4.1.1. particularly pride
One of our most heinous and palpable sins is pride. A sin this which has too much interest in the best, but is more hateful and inexcusable in us than in any; yet it is so prevalent in some of us, that it indites our discourses, it chooses our company, it forms our countenances, it puts the accents and emphasis upon our words; when we reason, it is the determiner and exciter of our cogitations; it fills some men’s minds with aspiring desires and designs; it possesses them with envious and bitter thoughts against those who stand in their light, or by any means eclipse their glory, or hinder the progress of their idolized reputation. O what a constant companion, what a tyrannical commander; what a sly, subtle, and insinuating enemy is pride! It goes with men to the draper, the mercer, and the tailor; it chooses them their cloth, their trimming, and their fashion, and dresses them in the morning. Fewer ministers would follow the fashion in hair and habit, were it not for the influence of this imperious vice: and I would that were all; but, alas, how frequently does it go with us to our studies, and there sit with us, and do our work! How often does it choose our subject, and our words and ornaments! God bids us be as plain as we can, that we may inform the ignorant; and as convincing and serious as we can, in order to melt and change unchanged hearts: but pride stands by and contradicts all. It puts in toys and trifles, and under pretence of laudable ornaments, dishonours our sermons with childish conceits. It takes off the edge and life of all our teaching, under pretence of filing off the roughness and superfluity. If we have a plain and cutting passage, it throws it away as rustical or ungrateful; when God charges us to deal with men as for their lives, and beseech them with all the earnestness we are able, this cursed sin controls all, and condemns the holy commands of God, calls our most necessary duty madness, and says to us, “What, will you make people think you are mad; will you make them say you rage or rave; cannot you speak soberly and moderately?” Thus does pride make many men’s sermons; and what pride makes, the devil makes; and what sermons the devil will make, and to what end, we may easily conjecture. Though the matter be of God, yet if the dress, and manner, and end be from Satan, we have no great reason to expect success.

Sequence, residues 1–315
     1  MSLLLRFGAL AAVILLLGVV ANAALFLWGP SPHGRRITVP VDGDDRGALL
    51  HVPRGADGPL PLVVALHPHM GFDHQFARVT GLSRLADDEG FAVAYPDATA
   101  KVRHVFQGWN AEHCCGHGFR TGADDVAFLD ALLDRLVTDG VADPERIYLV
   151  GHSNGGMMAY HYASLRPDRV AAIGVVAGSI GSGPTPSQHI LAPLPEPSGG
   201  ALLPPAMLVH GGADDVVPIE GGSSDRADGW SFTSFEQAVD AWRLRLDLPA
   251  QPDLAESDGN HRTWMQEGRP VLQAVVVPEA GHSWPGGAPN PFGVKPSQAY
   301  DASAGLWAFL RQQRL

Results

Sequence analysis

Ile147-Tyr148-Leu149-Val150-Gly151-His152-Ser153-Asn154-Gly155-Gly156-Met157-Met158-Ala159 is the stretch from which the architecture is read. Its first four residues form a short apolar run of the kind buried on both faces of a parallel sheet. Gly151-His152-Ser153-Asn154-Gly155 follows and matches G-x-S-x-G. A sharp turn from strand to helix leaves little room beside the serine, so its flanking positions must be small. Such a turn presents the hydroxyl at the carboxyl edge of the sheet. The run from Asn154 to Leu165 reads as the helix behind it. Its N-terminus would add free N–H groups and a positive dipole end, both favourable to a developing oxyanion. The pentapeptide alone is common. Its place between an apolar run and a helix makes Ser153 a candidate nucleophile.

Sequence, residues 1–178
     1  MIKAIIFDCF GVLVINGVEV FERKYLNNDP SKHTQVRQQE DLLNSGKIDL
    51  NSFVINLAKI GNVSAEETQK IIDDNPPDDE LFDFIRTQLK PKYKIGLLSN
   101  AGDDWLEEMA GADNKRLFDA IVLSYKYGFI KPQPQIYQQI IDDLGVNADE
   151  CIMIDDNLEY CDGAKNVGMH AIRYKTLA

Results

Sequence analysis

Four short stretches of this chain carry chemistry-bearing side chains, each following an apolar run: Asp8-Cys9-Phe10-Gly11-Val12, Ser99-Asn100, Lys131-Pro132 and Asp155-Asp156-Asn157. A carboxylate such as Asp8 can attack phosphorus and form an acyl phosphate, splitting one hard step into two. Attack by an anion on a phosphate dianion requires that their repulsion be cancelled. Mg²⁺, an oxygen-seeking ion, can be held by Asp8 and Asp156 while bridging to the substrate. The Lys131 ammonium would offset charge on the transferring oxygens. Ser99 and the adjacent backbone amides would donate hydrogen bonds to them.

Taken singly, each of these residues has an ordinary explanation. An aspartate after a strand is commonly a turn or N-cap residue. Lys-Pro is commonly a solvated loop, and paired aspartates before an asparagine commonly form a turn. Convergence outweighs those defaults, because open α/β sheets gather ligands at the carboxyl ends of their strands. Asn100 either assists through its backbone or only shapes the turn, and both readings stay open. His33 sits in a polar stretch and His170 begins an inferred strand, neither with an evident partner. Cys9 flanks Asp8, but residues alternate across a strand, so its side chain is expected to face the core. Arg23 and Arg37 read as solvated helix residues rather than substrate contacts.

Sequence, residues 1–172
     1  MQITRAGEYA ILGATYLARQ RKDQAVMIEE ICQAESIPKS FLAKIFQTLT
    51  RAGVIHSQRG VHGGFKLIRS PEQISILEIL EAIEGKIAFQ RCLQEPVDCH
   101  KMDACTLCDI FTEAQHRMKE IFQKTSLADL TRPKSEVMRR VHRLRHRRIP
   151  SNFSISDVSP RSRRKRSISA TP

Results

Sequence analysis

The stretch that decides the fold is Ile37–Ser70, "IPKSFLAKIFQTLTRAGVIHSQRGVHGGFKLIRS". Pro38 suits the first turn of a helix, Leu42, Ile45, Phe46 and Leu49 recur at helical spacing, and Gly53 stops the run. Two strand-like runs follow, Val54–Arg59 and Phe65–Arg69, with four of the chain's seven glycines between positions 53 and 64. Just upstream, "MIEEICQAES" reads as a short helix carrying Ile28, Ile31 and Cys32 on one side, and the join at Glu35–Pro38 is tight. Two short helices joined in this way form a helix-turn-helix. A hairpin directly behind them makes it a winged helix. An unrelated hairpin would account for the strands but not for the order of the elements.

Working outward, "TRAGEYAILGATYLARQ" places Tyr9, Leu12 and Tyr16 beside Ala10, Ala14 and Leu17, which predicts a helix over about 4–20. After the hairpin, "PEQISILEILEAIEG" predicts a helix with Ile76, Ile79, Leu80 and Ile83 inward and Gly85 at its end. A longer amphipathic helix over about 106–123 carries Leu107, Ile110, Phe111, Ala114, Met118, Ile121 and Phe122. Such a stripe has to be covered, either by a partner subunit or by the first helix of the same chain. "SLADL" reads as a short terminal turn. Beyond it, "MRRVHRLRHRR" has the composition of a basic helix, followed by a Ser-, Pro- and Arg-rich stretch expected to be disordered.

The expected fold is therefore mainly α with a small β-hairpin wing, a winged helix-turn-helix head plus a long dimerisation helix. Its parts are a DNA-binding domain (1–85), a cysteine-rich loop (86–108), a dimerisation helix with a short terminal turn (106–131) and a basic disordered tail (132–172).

And when pride has made the sermon, it goes with them into the pulpit; it forms their tone, animates them in the delivery, takes them off from that which may be displeasing, however necessary, and sets them in pursuit of vain applause; and the sum of all this is, that it makes men, both in studying and preaching, seek themselves, and deny God, when they should seek God’s glory, and deny themselves. When they should ask, “What shall I say, and how shall I say it, to please God best, and do most good?” it makes them ask, “What shall I say, and how shall I deliver it, to be thought a learned and able preacher, and to be applauded by all who hear me?” When the sermon is over, pride goes home with them, and makes them more eager to know whether they were applauded, than whether they prevailed with any for the saving of their souls. They could find in their hearts, but for shame, to ask folks how they liked them, and to draw out their commendation. If they perceive that they are highly thought of, they rejoice as having attained their end; but if they find that they are esteemed as weak or common men, they are displeased, having missed the prize.